TL;DR summary: Despite claims to the contrary, the Santa Cruz Corridor Plan decreases automotive traffic impacts from development, helps improve tax revenue for infrastructure work, and indirectly discourages dispersed development in other, less regulated areas of Santa Cruz County outside of the city of Santa Cruz.
Over the past several months I’ve become acquainted with a planner who, until very recently, worked for one of the large Bay Area planning firms. Sitting next to her on the bus is like attending a graduate class on planning. I learned, for example, that the profession of urban planning emerged during the Victoria Era to mitigate the consequences of the Industrial Age by providing a healthier place for factory workers to live. They created a Utopian concept of “Garden Cities” to move workers away from filthy, polluted tenement housing. Our modern American ideal of a suburban detached home with a yard began as a social experiment by radical liberal idealists like Ebenezer Howard, who created the diagram below illustrating a “Central City” and surrounding Garden Cities all interconnected by railroads and canals.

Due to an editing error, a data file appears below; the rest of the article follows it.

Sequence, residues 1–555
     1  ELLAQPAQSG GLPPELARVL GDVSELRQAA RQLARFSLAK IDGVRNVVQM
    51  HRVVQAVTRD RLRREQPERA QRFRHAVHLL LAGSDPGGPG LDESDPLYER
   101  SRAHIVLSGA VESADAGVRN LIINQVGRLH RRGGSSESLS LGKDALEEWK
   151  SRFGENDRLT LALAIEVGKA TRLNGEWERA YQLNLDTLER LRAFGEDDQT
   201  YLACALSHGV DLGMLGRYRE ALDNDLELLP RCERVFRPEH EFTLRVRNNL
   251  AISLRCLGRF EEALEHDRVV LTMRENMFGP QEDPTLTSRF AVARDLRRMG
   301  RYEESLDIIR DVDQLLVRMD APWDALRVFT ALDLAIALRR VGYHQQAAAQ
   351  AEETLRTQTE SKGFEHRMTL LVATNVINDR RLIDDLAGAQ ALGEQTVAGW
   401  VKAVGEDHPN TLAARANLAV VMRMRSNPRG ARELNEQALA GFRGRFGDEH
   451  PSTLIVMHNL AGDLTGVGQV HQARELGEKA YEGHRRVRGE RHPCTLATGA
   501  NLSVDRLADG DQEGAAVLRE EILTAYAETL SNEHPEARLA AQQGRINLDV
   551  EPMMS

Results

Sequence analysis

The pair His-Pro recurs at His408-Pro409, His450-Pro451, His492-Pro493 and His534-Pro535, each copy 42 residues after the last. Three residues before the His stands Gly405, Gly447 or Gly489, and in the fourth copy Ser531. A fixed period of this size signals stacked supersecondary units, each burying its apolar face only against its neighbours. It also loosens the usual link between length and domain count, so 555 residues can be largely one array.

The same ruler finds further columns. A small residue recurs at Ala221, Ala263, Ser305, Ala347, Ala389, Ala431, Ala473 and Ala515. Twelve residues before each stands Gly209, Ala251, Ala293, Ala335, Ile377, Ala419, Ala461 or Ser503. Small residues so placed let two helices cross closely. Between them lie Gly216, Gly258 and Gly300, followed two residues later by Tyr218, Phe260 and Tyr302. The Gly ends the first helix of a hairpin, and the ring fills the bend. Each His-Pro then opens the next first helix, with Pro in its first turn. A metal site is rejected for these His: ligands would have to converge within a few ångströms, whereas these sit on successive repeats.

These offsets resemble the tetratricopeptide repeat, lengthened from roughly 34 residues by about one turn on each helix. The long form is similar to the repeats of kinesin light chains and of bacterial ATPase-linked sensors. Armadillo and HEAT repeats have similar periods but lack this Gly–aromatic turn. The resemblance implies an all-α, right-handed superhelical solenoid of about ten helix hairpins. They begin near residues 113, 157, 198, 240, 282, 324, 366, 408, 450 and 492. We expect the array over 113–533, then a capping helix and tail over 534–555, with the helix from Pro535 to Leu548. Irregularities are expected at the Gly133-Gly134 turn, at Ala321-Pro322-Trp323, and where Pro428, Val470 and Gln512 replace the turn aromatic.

Warning: Wonk Content Below
These concepts depended on rail transport to move tens of thousands of workers from these outlying garden cities to the factory, but the ideas were adapted for the auto age and America. We see this separation of uses in Santa Clara County, California with residential zoning primarily in the south part of the county (and south of the Caltrain tracks), while jobs are concentrated towards the Bay in the northern portion of the county. Because single occupant SUVs can’t carry nearly the volume of people that trains do, asphalt for highways, expressways, interchanges, and monstrously huge parking lots broke Ebenezer Howard’s Utopia. This 1950s planning mindset results in horrific northbound traffic every weekday morning, hundreds of lane miles of stalled southbound traffic every evening, choking smog, increasing rates of asthma throughout the county, real estate lost to coastal erosion, and dead polar bears. One co-worker tells me her 12 mile commute takes an hour each evening.